We have been enjoying some extra time off work, including my birthday, which was a lovely and completely relaxing day spent watching the rain, visiting my parents and going to the woods in the afternoon sunshine. These extra days off have been a good opportunity to get some things done, but have also taught me an important lesson.
We have just spent two days doing a lot of outdoor work: I did lots of seed sowing and potting on, while Brian finished pollarding all our tall trees; on the second day we worked together on the ones which needed a rope to help fell them safely. There was nothing wrong with any of these jobs: they’re satisfying, we’re together, we’re outdoors in nature, we’re using our bodies and getting stronger: what’s not to like? But I still managed to feel very resistant to all of it, annoying myself thoroughly, and eventually I worked out why.
For a long time, I have been trying to maximise my efficiency at work, using timetables, deadlines and to-do lists to get the absolute most done that I possibly can. This is fine up to a point, but I’ve allowed this sort of time-stress to get into the rest of life. This blog is partly about being present, mindful and available to every moment in life, and I thought I was quite good at this, but it’s also very easy to get wrapped up in being a productive person and thinking about time in the wrong way. Chasing myself through the day waving a to-do list is not the way I want to live! I just end up tired and not enjoying things which are perfectly enjoyable.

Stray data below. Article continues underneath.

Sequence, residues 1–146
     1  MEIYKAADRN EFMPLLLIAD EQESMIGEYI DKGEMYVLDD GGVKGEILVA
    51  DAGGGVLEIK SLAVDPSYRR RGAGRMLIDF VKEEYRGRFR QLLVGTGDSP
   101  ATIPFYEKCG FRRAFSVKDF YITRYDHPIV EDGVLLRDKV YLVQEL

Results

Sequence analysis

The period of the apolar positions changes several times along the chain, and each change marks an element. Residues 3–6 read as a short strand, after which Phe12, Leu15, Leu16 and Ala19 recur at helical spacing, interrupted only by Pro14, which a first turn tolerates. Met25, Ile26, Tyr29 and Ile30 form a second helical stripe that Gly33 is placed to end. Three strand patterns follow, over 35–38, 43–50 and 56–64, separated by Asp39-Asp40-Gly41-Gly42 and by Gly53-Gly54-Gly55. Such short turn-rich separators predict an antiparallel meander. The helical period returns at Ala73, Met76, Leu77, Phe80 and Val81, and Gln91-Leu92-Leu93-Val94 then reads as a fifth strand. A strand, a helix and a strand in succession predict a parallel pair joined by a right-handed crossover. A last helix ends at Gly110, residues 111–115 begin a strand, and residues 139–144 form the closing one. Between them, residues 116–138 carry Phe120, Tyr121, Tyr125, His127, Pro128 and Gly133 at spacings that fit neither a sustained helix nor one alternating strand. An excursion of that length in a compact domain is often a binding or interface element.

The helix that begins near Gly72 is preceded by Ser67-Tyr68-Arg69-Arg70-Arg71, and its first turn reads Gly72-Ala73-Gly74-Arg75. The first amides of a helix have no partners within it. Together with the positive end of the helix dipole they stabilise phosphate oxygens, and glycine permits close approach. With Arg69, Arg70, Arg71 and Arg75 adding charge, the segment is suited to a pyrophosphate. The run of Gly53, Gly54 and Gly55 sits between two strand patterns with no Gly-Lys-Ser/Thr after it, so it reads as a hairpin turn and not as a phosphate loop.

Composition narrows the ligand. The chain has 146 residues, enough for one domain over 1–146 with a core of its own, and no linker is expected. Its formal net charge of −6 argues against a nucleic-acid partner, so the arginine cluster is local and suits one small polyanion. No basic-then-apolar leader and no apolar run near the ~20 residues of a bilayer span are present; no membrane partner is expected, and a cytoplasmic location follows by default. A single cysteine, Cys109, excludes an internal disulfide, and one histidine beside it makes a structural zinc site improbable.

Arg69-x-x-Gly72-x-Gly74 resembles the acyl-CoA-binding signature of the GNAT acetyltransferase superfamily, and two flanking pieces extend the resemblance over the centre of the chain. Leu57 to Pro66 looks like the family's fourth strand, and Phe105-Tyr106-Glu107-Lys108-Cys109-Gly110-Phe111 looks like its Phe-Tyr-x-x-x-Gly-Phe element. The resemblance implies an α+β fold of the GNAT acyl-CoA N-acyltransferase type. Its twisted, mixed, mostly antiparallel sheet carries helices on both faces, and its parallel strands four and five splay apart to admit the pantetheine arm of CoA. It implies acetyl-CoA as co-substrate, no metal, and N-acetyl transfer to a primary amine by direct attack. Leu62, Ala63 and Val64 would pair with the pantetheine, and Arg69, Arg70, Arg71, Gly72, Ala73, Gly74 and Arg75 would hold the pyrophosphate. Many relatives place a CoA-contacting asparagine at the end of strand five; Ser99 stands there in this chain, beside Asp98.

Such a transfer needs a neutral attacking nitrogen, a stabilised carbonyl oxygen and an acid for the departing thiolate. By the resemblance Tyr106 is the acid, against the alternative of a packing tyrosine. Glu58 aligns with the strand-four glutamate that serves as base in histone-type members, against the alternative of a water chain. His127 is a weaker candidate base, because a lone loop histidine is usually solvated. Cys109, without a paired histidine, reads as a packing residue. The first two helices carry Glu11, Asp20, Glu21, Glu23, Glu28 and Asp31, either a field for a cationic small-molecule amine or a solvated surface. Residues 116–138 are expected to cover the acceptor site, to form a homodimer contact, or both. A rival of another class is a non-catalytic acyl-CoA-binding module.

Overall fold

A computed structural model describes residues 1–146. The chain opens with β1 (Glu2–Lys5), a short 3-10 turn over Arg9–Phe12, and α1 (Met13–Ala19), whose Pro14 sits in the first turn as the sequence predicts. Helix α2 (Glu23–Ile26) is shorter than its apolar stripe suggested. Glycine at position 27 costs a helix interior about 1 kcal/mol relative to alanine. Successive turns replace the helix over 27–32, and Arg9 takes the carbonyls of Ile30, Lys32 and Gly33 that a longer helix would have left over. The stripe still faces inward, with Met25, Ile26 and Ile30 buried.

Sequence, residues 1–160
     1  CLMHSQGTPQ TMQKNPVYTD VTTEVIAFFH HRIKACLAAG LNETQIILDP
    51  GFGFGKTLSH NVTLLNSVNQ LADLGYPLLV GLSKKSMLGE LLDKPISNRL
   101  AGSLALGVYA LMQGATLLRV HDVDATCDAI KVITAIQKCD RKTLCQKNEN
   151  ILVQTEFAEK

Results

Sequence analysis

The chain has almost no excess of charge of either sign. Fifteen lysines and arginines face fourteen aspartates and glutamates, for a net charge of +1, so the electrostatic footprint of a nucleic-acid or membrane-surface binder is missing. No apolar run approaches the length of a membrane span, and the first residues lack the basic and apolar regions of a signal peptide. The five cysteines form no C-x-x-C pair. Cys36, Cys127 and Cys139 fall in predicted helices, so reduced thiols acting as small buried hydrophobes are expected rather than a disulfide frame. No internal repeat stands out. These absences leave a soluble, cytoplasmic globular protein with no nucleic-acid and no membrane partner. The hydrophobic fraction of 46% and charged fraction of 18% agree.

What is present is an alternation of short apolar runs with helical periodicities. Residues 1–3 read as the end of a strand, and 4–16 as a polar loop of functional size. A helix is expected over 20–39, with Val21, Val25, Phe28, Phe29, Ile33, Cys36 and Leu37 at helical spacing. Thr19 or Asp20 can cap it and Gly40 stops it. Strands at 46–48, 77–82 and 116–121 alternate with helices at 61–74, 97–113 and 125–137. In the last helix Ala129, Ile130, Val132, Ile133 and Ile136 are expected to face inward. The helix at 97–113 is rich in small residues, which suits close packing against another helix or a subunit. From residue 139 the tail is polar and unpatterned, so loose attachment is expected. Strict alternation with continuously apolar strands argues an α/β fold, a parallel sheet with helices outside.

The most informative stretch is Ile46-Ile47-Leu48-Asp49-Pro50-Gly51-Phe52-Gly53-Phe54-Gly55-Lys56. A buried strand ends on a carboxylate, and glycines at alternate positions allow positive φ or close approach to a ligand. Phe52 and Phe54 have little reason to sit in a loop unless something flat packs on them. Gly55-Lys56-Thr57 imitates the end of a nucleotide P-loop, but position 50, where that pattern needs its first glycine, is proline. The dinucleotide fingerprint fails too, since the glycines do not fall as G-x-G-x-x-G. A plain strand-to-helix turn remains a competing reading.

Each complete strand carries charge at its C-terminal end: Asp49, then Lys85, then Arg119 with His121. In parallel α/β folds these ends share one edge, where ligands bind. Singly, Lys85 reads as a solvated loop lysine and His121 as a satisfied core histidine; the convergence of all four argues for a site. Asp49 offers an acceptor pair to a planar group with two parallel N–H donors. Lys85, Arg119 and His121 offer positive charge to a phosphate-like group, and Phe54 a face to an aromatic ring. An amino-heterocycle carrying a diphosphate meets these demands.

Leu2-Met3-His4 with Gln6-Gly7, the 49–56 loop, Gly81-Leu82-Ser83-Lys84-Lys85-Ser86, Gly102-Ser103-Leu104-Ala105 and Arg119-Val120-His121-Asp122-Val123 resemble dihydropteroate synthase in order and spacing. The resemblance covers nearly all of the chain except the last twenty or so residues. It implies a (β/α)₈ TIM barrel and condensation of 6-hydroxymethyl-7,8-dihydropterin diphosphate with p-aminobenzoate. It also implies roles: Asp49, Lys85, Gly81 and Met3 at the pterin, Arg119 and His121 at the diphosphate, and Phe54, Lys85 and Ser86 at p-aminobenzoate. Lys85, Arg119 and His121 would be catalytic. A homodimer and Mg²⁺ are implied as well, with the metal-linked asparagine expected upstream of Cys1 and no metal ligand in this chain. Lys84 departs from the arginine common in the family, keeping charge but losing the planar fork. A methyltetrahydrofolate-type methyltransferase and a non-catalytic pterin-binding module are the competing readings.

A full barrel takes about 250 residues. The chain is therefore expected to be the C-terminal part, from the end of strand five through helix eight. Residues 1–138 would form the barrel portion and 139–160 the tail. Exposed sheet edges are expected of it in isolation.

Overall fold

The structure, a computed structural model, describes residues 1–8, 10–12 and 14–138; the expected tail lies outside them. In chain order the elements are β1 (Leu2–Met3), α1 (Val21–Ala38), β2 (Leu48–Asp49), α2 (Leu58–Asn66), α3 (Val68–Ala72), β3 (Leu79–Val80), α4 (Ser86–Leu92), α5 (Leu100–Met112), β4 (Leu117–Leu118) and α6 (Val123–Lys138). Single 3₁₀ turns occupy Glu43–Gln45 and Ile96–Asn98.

The time to relax is NOT when all that day’s tasks are ‘done.’ I would like to do everything I do in a relaxing way instead. And when I am reading, knitting, eating lunch or just staring into space, I want to stop going through all the things I ‘should’ be doing – because I am already doing what I should be doing: enjoying life, the only one we get!
So I have realised that before I start anything, first of all I should stop – and slow down. I’ve been making an effort to remember this today and have enjoyed things much more: moving plants around, cleaning the house, and giving my bicycle a big spring clean. And I did not do these things with my ‘head down’ being efficient and trying to get them done as quickly as possible so I could go and relax – I did them with my head up, eyes and ears open for everything else going on around me and being relaxed already. I also didn’t think about what task I should tackle next. This must be mindfulness!